- Global energy demand to see record drop, predicts IEA
- Renewables more resilient than fossil fuels
- CO2 emissions to decline 8% to 2010 level
The International Energy Agency released a new report today that said energy demand will fall 6% in 2020. It's the largest decline in 70 years in percentage terms, the largest ever decline in absolute terms, and seven times the decline after the 2008 global financial crisis. It's equal to energy demand from India, the world’s third largest consumer, vanishing. The projections are based on the assumption that the lockdowns are progressively eased in most countries in the coming months, accompanied by a gradual economic recovery.
The impact is said to be the worst in advanced economies with demand falling 9% in the U.S. and 11% in the European Union. Electricity demand is set to decline by 5%, the largest drop since the Great Depression. Coal demand is set to fall 8%, the largest decline since the Second World War. Oil demand is expected to drop by 9% and natural gas by 5%.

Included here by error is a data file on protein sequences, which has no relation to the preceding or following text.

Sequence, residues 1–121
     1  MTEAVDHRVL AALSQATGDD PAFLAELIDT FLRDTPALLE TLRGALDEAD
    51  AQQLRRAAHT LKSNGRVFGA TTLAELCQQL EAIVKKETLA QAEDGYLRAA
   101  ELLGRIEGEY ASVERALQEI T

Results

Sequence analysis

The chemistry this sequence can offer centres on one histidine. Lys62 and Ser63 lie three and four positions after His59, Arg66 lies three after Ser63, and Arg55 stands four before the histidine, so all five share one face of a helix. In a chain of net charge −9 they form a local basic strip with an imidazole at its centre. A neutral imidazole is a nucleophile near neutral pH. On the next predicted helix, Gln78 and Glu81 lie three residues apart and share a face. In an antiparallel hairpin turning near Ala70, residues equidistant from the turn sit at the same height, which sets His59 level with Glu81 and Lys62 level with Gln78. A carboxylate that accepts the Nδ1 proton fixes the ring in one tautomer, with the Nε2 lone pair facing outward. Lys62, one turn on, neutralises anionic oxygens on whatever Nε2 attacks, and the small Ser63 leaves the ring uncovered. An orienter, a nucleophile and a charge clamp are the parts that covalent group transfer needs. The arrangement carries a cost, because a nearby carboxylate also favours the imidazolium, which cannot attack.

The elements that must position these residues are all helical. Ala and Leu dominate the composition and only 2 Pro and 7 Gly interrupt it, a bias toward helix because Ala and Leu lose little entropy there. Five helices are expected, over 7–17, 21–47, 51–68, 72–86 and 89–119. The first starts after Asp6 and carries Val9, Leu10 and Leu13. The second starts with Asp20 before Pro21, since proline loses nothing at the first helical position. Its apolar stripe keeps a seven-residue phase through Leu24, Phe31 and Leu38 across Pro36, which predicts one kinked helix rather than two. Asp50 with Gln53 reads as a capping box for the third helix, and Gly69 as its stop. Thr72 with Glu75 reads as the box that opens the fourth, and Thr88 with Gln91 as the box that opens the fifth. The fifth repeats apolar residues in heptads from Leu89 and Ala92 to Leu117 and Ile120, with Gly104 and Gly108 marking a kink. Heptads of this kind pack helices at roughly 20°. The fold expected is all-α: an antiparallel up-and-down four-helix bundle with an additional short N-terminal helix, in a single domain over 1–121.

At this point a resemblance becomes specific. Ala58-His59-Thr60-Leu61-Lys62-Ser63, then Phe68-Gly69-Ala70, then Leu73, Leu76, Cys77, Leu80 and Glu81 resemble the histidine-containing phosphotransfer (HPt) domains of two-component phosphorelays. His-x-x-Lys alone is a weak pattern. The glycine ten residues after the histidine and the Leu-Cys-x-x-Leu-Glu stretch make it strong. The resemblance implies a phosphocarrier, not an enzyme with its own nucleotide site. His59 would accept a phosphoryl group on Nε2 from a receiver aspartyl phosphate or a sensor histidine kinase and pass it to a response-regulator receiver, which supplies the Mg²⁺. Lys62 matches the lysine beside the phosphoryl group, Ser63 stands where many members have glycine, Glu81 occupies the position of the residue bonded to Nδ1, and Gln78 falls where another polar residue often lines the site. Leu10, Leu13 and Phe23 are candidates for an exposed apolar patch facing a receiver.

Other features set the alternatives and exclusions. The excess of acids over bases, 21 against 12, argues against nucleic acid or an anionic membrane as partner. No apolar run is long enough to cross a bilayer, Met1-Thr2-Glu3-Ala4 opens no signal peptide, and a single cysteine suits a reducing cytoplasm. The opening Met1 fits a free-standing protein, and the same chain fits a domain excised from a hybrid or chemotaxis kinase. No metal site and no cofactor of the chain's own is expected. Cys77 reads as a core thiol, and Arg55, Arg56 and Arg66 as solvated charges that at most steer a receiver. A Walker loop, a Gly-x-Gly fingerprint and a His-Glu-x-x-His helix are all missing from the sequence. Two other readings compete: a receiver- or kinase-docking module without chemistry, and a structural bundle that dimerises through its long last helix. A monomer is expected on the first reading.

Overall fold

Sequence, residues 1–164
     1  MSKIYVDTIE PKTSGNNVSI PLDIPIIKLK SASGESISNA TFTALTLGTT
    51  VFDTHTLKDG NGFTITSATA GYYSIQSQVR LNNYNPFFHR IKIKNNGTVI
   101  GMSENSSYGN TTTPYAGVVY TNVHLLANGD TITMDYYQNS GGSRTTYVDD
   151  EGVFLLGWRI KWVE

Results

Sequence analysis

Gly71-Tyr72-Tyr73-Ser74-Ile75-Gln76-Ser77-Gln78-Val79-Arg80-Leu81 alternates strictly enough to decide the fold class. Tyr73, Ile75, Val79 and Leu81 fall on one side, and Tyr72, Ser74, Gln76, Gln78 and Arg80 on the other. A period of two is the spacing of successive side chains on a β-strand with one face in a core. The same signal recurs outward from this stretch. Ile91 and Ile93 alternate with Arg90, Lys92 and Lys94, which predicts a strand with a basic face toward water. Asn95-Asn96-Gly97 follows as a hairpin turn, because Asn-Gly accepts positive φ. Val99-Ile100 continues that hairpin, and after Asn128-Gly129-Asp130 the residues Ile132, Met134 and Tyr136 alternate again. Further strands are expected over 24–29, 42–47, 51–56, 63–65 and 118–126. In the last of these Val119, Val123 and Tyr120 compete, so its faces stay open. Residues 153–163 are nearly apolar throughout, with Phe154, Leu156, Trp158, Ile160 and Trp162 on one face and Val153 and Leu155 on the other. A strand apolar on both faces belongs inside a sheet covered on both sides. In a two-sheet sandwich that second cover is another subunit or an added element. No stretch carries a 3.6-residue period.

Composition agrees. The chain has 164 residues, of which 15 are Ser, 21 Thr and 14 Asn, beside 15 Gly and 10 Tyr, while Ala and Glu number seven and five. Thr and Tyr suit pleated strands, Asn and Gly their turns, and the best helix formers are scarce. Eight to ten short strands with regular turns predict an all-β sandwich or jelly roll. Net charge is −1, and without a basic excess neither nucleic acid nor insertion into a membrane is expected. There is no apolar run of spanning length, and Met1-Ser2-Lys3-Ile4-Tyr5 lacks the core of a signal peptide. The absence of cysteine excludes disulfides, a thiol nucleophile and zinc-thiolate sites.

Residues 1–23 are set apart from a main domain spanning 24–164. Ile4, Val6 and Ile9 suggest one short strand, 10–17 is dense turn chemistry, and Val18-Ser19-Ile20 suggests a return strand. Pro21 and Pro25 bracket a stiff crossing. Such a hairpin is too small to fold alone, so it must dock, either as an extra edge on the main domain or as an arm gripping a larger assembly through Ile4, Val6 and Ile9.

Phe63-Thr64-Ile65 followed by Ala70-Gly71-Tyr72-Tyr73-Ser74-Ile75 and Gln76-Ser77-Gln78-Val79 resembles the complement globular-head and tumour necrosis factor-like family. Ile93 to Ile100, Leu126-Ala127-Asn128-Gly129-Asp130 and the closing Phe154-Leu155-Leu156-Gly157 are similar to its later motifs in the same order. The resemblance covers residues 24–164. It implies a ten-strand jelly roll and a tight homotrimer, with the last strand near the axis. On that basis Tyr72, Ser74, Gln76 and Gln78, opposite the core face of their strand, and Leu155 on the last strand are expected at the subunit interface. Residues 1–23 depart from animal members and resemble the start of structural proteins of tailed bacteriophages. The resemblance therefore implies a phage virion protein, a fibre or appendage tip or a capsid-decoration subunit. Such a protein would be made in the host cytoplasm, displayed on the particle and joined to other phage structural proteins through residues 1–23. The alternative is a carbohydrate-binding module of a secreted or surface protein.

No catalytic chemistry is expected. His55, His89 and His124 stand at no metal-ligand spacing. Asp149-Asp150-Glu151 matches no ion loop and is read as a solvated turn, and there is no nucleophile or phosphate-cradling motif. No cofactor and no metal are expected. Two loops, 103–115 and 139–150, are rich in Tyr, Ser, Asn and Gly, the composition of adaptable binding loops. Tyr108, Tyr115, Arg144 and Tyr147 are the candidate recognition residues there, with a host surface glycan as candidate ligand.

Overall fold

The one exception to the declines is renewable energy, which is slated for a 1% increase in demand and is proving more resilient. This is because more projects are coming online and it's given priority over other sources either due to regulations or cheaper operating costs.
"Nature is healing," as the internet meme says, but it's impossible to celebrate considering the human cost. As a result of this historic plunge in fossil fuel demand, global energy-related CO2 emissions are set to fall by almost 8% this year, or almost 2.6 gigatonnes, reaching their lowest level since 2010. This would be the largest decrease in emissions ever recorded. For comparison, the financial crisis saw a drop of 400 million tonnes in 2009. However, the IEA warns that emissions will rebound once things return to normal and suggests governments design economic stimulus packages to steer the system onto a more sustainable path.
The organization is also concerned about energy security as investment in the battered sector drops and shut-ins prevent quick ramping up when demand recovers. According to new analysis from Rystad Energy, global oil and gas exploration and production (E&P) revenues will fall by about $1 trillion this year, a drop of 40% to $1.47 trillion from last year’s $2.47 trillion. "This drop not only undermines the companies’ solidity and reduces money available for investments and dividends, but also significantly cuts government tax revenue. It will be challenging for petro-states such as Russia and many Middle Eastern countries to sustain their budgets," says Rystad Energy’s upstream analyst Olga Savenkova.